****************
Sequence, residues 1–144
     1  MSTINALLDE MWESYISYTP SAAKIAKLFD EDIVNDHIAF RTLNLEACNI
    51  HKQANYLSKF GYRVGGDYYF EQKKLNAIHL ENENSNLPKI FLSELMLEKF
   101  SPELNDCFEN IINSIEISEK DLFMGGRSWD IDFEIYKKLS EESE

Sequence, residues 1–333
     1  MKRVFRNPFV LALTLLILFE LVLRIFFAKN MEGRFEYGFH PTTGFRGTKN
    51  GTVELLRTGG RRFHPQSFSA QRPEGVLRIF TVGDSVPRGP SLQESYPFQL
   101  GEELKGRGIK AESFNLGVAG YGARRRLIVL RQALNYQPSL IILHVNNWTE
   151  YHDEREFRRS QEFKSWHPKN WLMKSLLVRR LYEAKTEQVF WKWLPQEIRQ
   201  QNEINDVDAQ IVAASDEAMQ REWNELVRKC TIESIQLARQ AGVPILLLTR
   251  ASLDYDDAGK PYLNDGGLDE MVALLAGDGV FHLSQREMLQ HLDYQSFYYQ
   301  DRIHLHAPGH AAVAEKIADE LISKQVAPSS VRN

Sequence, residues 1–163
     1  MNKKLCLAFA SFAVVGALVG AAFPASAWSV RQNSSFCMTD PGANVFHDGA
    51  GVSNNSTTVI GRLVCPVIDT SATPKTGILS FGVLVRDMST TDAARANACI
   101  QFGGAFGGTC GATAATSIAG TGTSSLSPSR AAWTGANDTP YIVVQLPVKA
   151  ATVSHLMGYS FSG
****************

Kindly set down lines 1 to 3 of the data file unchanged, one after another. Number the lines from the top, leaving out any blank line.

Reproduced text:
Sequence, residues 1–144
     1  MSTINALLDE MWESYISYTP SAAKIAKLFD EDIVNDHIAF RTLNLEACNI
    51  HKQANYLSKF GYRVGGDYYF EQKKLNAIHL ENENSNLPKI FLSELMLEKF